The alternate disyllable test - SSW28 is based on the presentation of 40 items, and each item formed by four paroxytone disyllables, making up a total of 160 words. In each item, two words were presented to each ear, and there was an overlapping between the second syllable of the second word and the first syllable of the third word, which were sent at the same time to opposite ears. Thus noticing for each item the DNC situation (word presented to the right ear without competitive message), DC (word presented to the right ear with concurrent competition to the left ear), EC (word presented to the left ear with concurrent competition to the right ear) and ENC (Word presented to the left ear without competitive message to the contralateral ear). It is employed at an intensity of 50 dBSL, having as reference the mean value of the air conduction tonal thresholds for frequencies 500, 1,000 and 2,000Hz. The child is then instructed to repeat all the words heard, following the order of presentation of these words. An error was considered when a word was omitted, replaced or distorted. We made the quantitative analyses of results for DC and EC situations and the qualitative, that is the auditory effect (AE) and the order effect (OE), the inversion errors (I) and the type A response pattern (type A). As normal values we considered 90% of correct answers for DC/EC, I=1, EA=-4 a +4, EO=-3 a +3 and type A=3 for children of 9 years of age and older; for those with 8 years: DC=80%/EC=75%, I=5, EA=-6 a +4, EO=-4 a +3 and type A=3; for 7 year olds: DC=75%/EC=65%, I=5, EA=-8 a +6, EO=-4 a+10 and type A=6.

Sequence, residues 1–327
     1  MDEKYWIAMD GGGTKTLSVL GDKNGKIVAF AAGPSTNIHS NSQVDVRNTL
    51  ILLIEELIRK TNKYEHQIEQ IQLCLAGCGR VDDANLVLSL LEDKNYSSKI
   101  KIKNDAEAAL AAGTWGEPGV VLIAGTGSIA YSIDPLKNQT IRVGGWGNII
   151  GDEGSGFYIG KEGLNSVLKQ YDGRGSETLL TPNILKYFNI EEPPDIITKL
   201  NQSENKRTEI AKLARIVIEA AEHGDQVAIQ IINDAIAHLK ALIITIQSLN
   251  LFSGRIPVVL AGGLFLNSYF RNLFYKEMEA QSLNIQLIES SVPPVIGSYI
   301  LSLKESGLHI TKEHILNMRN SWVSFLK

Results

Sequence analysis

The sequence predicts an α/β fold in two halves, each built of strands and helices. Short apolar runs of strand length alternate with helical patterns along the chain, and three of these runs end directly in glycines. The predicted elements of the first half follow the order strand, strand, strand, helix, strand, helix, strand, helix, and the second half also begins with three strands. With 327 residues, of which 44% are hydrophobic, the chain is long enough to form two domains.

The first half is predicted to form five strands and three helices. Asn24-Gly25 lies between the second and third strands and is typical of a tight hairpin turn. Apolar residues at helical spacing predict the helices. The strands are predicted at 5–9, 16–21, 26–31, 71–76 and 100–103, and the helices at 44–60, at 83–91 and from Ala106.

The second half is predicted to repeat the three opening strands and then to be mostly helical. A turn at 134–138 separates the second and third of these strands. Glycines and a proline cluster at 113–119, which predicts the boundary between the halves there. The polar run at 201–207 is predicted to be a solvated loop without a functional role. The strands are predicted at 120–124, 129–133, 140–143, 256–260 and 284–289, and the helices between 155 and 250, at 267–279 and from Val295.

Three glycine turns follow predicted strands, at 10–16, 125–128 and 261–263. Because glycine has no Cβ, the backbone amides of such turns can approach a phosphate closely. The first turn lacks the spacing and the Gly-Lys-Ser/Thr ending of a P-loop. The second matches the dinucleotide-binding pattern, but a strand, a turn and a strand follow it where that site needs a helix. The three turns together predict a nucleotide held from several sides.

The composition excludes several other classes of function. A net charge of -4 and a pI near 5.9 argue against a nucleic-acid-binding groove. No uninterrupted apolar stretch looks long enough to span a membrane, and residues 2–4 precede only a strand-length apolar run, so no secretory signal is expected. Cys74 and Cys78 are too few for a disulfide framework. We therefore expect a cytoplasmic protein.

Just like the DD test, the SSW test assesses the background-figure skill for verbal sounds30 and aims at providing information on the physiological auditory mechanism of verbal sound recognition in dichotic hearing. It also assesses the complex temporal ordering skill, providing information on the physiological auditory mechanism of sound discrimination in sequence, when inversions (I) are present in the SSW.30

The children's performance on the tests was classified in: bad performance - when the child did not reach the expected scores for their ages in any of the ears and competitive conditions, and good performance when reached.

Not all the tests proposed and described in the methodology could be applied to the population sampled, because of alterations present in the speech of the sampled population and technical problems.

The data obtained was organized in Tables in order to facilitate analysis and presentation. We carried out a statistical treatment, with a minimum significance level of 5% (p < 0.05).

We used the Mann-Whitney test in order to check for possible differences between the genders, as well as the Wilcoxon Signed Posts Tests in order to check for possible differences between the two sides regarding the variables studied.

 

RESULTS

Table 2 presents the descriptive statistics of the special behavioral tests of auditory processing in the population sampled.

Only one child was submitted to the PSI test and this child's scores are included with the SSI test data, being called (SSI) on Tables 2 and 3, having in mind its given similar objective and information.

The lack of statistical significance seen by the Mann-Whitney of the variable effect of gender and the Wilcoxon Signed Posts test of the possible differences between both ears, established the non-separation of ears and genders in the presentation of results (Table 3).

The distribution of children according to their performance classification in the diotic, monotic and dichotic tests to which they were submitted is presented on Table 3.

 

DISCUSSION

The findings of the present investigation suggest that the children with labio-palatine fissure from the sampled population showed important alterations in their hearing skills assessed by means of their poor performance in the special behavioral tests of auditory processing.

A high percentage of the children in our study (Table 3) showed their worst results in the AFT-R (95%), DD (95%), SSW (95%) and SSIMCI (80%).